Having found a way around the debit card problem, I jaunted downstairs to withdraw some cash to bring back up to the card machine so that I could finally purchase some points that would enable Trey to play some of the games I’d promised him he could play. However, after a ludicrous terminal fee was applied, I could only withdraw increments of twenty dollars. So, I withdrew twenty bucks and, after deciding that I was ready to leave this horribly overcrowded and obnoxious McDonald’s as soon as possible, I then took my twenty dollars and purchased a single small soft drink for which I then had to wait to pay in a queue for at least ten minutes, while a bewildered pack of little old ladies busily counted out seventeen dollars and forty-seven cents in loose change ahead of me. Eventually – finally – I was able to run back upstairs and shove a ten dollar bill into the gaping maw of the point card machine, and Trey was finally able to play some games.
Naturally, we found the most expensive, point-consuming games in the arcade very quickly, and tried to steer him towards those. Fortunately, one such game is a favorite of his back home, and involves a simple motion seat and large screen to simulate roller coasters and various exciting scenarios. This was a few hundred points a pop, and we’d gone through the credits and were making our way back out of the door and into the scary parking lot in no time. Hooray!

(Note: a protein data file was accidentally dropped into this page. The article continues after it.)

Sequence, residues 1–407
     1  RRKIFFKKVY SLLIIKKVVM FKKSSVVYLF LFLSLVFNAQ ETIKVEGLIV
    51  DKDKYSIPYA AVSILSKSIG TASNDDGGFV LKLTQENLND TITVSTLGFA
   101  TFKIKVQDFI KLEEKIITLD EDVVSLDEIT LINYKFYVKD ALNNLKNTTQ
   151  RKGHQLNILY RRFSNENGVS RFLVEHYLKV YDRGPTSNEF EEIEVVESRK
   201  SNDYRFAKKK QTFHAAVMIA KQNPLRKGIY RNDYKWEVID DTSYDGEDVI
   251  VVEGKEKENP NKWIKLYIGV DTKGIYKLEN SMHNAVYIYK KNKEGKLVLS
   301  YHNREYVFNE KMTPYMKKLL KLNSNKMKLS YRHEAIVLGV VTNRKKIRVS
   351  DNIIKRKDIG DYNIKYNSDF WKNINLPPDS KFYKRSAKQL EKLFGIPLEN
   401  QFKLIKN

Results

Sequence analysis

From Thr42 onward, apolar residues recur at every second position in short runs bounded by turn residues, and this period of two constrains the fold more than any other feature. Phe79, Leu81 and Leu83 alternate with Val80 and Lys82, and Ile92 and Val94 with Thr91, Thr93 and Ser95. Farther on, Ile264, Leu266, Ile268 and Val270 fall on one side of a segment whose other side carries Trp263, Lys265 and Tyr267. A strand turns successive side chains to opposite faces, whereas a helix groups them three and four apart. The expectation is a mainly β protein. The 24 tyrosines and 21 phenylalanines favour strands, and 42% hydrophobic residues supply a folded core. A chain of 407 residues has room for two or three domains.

Much more happened on our little easterly excursion, but I’ve run too long today, already. I’ll fill you in on some of the more exciting things with Thursday’s essay, things involving copious amounts of Trey cuteness and the bizarre behavior of your average native Floridian. After that, I should finally return to some good, old-fashioned, hate-filled ranting starting sometime next week. See you real soon!